Justice

Emma Roberts And American Eagle Take A Stand Against Photoshop

"Scream Queens" actress Emma Roberts debuted Instagram photos Monday of some of her modeling looks for American Eagle's #AerieReal campaign, which features non-airbrushed images of models.

The 24-year-old, who announced her plans to pose for Aerie last month, announced in a press release that this campaign means a lot to her as a woman who works in a field that demands physical perfection.

Roberts is among many women in Hollywood who have spoken up, including Academy Award-winning actress Jennifer Lawrence. Lawrence, who's known for her megahit films, including the "Hunger Games" franchise and "Silver Linings Playbook," famously discussed unrealistic body image expectations of women in their line of work as well. She talked about facing food and body shaming in her own career and spoke about how at Comic-Con, she was stunned after a woman rudely urged her not to have some French fries.

In response to this type of harsh criticism, Roberts joined Aerie's campaign to bring attention to the pressures Roberts and many other women inside and outside her field face.

“Partnering with Aerie was a natural fit for me because #AerieREAL is a message I personally identify with, particularly being in an industry that is quick to judge flaws,” Roberts said. “I feel so honored to be part of a movement that reassures women that real doesn’t mean flawed - real is sexy, real is cool.”

 

A photo posted by Emma Roberts (@emmaroberts) on

 

A photo posted by Emma Roberts (@emmaroberts) on

In an email to USA Today, she wrote that she is thrilled to embrace her “true self – unfiltered, unphotoshopped, unretouched [in the ads]. It’s refreshing to step out of the screen and celebrate what makes you, you."

Speaking to Refinery 29 in July, Roberts said she has always liked #AerieReal ads because they are realistic and don't make her feel bad about herself. Here's what she told the publication:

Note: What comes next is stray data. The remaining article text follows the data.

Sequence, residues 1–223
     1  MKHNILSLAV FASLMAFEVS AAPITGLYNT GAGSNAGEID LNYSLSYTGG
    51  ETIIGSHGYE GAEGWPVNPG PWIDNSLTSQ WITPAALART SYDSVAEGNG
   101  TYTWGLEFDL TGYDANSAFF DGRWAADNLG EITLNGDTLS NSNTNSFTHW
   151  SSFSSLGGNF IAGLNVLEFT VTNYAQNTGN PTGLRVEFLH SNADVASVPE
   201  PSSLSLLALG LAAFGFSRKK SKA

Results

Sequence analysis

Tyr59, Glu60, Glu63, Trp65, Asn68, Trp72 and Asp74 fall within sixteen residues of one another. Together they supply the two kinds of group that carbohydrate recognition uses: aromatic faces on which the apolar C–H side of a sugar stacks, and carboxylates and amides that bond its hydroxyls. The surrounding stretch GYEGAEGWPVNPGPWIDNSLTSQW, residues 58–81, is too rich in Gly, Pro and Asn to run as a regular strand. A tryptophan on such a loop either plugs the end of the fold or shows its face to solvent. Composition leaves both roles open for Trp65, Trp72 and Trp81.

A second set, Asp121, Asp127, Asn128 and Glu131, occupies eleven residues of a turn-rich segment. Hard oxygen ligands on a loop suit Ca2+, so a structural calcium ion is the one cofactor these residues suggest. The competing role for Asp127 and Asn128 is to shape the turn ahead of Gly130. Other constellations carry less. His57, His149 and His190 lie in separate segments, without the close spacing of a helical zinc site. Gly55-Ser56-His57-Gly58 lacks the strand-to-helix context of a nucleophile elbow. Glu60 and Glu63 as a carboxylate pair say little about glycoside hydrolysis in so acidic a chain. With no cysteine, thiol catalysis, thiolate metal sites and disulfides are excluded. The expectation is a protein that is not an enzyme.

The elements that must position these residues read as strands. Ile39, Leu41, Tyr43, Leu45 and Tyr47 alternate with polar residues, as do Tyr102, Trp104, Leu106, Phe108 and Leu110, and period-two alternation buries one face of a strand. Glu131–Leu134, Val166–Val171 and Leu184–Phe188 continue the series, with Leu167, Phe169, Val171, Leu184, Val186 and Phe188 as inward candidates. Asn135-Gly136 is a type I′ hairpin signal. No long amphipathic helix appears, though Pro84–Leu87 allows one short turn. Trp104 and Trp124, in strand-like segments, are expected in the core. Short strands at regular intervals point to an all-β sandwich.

"I remember walking around New York and seeing the last [Aerie Real] ads and thinking those girls look so amazing. Unlike other ads that make me feel like I need to work out more, or I need to buy this for my face — those made me feel good, not like I had to hide behind anything ... I always think of my little sister — she's 14, and when I told her I was doing these ads, she freaked out. It's important for me to be a part of this, because I see how hard it is for girls my sister's age with social media, and feeling like they need to look a certain way. I want to promote the idea that it's okay to look like yourself — you don't have to Photoshop your Instagrams!"

Over the summer, she teased some posts on Instagram of her Aerie photoshoot:

 

A photo posted by Emma Roberts (@emmaroberts) on

 

A video posted by Emma Roberts (@emmaroberts) on

 

A photo posted by Emma Roberts (@emmaroberts) on

The success of #AerieReal

Aerie's decision not to Photoshop models has been a smash success with fans. A conference call last year revealed that sales went up nearly 10 percent following Aerie's decision to stop using retouched images in ads:

 

It's time to get REAL. #AerieREAL

Posted by Aerie on Friday, January 17, 2014

 

"The purpose of 'aerie Real' is to communicate there is no need to retouch beauty, and to give young women of all shapes and sizes the chance to discover amazing styles that work best for them," Aerie's Chief Merchandising Officer Jennifer Foyle said in a statement last year. "We want to help empower young women to be confident in themselves and their bodies."

 

A glimpse at Aerie's Instagram account shows the brand is keeping its word to celebrate women as they are:

 

A video posted by aerie (@aerie) on

 

A photo posted by aerie (@aerie) on

 

A photo posted by aerie (@aerie) on

 

A photo posted by aerie (@aerie) on

 

A photo posted by aerie (@aerie) on

 

A photo posted by aerie (@aerie) on

 

A photo posted by aerie (@aerie) on

In March, the National Eating Disorders Association (NEDA) gave #AerieReal its first NEDA Inspires "Seal of Approval" accolade.

"The fashion industry has always been a huge part of the portrayal of unrealistic beauty ideals in our society," the release states. "Many companies photoshop their models to extremely unrealistic “perfect” bodies, which influences many people to believe they are not good enough."

Aerie Chief Merchandising Officer Jennifer Foyle said in a statement at the time, "Aerie is committed to challenging super model standards to spark a conversation with the fashion industry and champion consumers with the true meaning of real and unretouched beauty. We are proud of our partnership with NEDA and hope others will join us in creating authentic advertising and marketing."